What really started to turn things around was my desire to feel a stronger connection with my inner self. I decided to go out and try to build better connections with current and future friends. I went on Bumble Bff dates with really fun women who also wanted to make friends. I went to parties by myself and talked to strangers. I went to the women’s march by myself and chatted with people the whole time. I got a mandolin (I have potential!).
In September, after some serious therapy, both together and individually and some very long and serious conversations, Jonny and I decided to stay together. It felt like a bigger decision than when we decided to get married after a year and a half of dating, at 25-years-old. Now, we are stupid in love with each other. We realized how sacred our relationship is. He is who my soul started searching for thousands of years ago.
With our therapist, we started looking at our values and talking about what actions we could take to build the life we want. We learned how to argue (which we do when Jonny is hungry or when I am tired and haven’t had enough quiet time). We decided to move to California, and we wanted to take the long way.
We spent three weeks on the road on our move to California. Cool freelance things were happening and once we were nearing the end of our trip, we decided to keep going. We asked, “What else do our inner-seventeen-year-olds want to see?” And we made a list. And here we are. Today we’ll explore Yosemite National Park. Tomorrow we head to Tahoe. And then every park in the Pacific Northwest, a few in Canada, and even more on the way back to California. I got to pick any park to spend my birthday in, and I chose Zion National Park, where we were only able to spend one day when we went a few weeks ago.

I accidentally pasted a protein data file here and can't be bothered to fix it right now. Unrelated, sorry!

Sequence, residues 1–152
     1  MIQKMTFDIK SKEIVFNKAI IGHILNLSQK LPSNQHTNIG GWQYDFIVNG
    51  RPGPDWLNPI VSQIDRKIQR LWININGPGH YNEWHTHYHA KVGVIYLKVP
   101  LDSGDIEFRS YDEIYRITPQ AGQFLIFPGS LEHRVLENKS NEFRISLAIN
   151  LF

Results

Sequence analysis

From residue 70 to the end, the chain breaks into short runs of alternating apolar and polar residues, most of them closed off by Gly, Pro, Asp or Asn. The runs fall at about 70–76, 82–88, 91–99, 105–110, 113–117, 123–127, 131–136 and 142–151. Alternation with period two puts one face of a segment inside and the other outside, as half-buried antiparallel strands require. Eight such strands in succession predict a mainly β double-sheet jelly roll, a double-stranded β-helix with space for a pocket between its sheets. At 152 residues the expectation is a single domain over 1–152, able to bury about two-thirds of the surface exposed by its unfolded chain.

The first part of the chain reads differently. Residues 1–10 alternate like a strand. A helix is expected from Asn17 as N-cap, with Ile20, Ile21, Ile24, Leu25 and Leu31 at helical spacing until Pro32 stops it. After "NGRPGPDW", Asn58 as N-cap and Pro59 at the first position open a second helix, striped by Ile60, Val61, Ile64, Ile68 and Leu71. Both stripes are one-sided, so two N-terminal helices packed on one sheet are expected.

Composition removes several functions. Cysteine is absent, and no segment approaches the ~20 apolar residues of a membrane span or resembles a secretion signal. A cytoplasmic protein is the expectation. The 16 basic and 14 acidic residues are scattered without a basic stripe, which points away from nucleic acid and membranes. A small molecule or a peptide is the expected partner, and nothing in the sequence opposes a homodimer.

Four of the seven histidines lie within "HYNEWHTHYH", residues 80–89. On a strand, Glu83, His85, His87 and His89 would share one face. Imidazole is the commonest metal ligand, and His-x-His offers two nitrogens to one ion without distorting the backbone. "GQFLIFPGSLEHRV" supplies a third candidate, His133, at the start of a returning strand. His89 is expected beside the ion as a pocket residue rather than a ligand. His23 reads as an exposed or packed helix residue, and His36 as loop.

I have been exploring my femininity and drawing in the masculine to see how they can co-exist together. I have been diving into feelings of loss, gratitude, anger, and silliness. Sometimes on long drives, I just start crying. Whatever comes up is allowed in any moment. The word, “namo” has been echoing in my head since I listened to “Radical Self-Acceptance” by Tara Brach. It means “I bow.” The idea is to bow to everything. I allow it to exist, and I allow it to pass through on a beautiful leaf down a stream. I bow to my fears and I bow to the beauty around me. Sit with me, have tea.
I am so grateful today because I knew everything would be beautiful and it totally is beautiful. It is absolutely validating that my life is more beautiful than I ever could have planned, and I knew that day would come. Even on the worst days, the most despairing of days, I had hope. I’m not sure I’ve ever been through something like that and not lost hope. It’s really cool that, though I was a total wreck, I was able to observe myself in the moment more than I have in the past.
This is an incredible journey, there is so much inspiration to learn everything about every tree and every mountain and every person we see. I am observing my life changing and allowing myself to be whatever I need to be in the moment. There are sad days, and I allow them. There is resistance and insecurity and weirdness, and I do my best to allow those days. They are far and few between. I allow the beauty and the connection with others. I make hilarious (it depends who you ask) jokes, I run around with the dogs and try my best to train them, I breathe with Jonny every time we stop to explore something new. Allow it.
I continue to be curious about what each day will bring. I am slowly piecing together what might be a good balance for my spiritual and professional life. What pace of life do I want? Where do I want to live? How can I incorporate mindfulness and kindness into my professional voice? How can I fulfill my desire to work with others and create and lead, while staying in a place of stillness and calm?
Today is more beautiful than I could have planned. The love of my life is next to me and we have our sweet dogs. We are engaging with this earth, and we are so grateful. I was right, once again, life got beautiful. It will always get beautiful. I will remember that for as long as I can. Life gets weird, and then it gets beautiful.